Tudor Baciu drives around the Romanian countryside with his ‘Cinemobile’, screening films in villages with no cinemas.
On December 11, Romanians are expected to elect a new parliament that will form a new government. Parties and candidates battle in heated debates in an attempt to sway the electorate in their favour.
Almost 27 years since the revolution that toppled communist dictator Nicolae Ceaușescu, Romania is still the second poorest country in the European Union. Large cities have arguably experienced high development rates. However, out of the population of 20 million, half of Romanians still live in rural areas. For them, prospects still remain unencouraging.
In Romania’s rural areas, infant mortality rates reach levels found nowhere in Europe, according to Eurostat data. Access to basic healthcare services remains difficult in these rural areas, with doctors in urban areas outnumbering those in villages two to one.
Poor road development means longer response times for emergency units. Infrastructure development in general is flawed as 40 percent of rural households are still without indoor plumbing.
Job opportunities are scarce in the Romanian countryside. Most people work on subsistance farms that are too small to be viable outside of producing food for one family. Families are also excluded from insurance and social benefits. While some do receive welfare cheques that only allow for very basic needs, Romanians are often left without support when searching for work and attempting to integrate within society.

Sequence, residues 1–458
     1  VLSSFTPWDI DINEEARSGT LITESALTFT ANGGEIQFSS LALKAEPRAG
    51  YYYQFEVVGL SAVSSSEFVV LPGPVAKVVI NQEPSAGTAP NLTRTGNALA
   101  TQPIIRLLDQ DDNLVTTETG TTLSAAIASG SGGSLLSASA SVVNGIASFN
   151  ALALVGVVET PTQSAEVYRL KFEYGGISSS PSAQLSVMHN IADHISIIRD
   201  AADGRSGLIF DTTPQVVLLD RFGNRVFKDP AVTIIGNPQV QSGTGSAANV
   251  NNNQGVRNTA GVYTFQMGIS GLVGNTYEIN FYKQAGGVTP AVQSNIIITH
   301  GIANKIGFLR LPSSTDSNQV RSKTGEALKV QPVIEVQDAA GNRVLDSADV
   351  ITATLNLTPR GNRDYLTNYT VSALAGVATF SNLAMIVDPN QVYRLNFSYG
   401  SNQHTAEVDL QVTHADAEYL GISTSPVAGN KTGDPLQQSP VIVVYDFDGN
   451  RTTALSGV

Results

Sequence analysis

According to a World Bank Group’s background study for the National Strategy on Social Inclusion and Poverty Reduction, the relative poverty rate in rural areas is at 38 percent. One in two children in rural areas lives in poverty.
At the national level, the relative poverty rate in Romania has not significantly changed since 2008. Although the poverty rate decreased by 2.3 percent between 2008 and 2010, it increased between 2010 and 2013, with the overall number of people living in relative poverty increasing by 400,000 from 2008 to 2014.
Come election day, Romanians will have to cast their ballot and choose among candidates that have been in parliament for the better part of the past two decades, leaving many voters concerned that Romania is simply facing another round of pompous promises that will get swept off the agenda after the election cycle is over.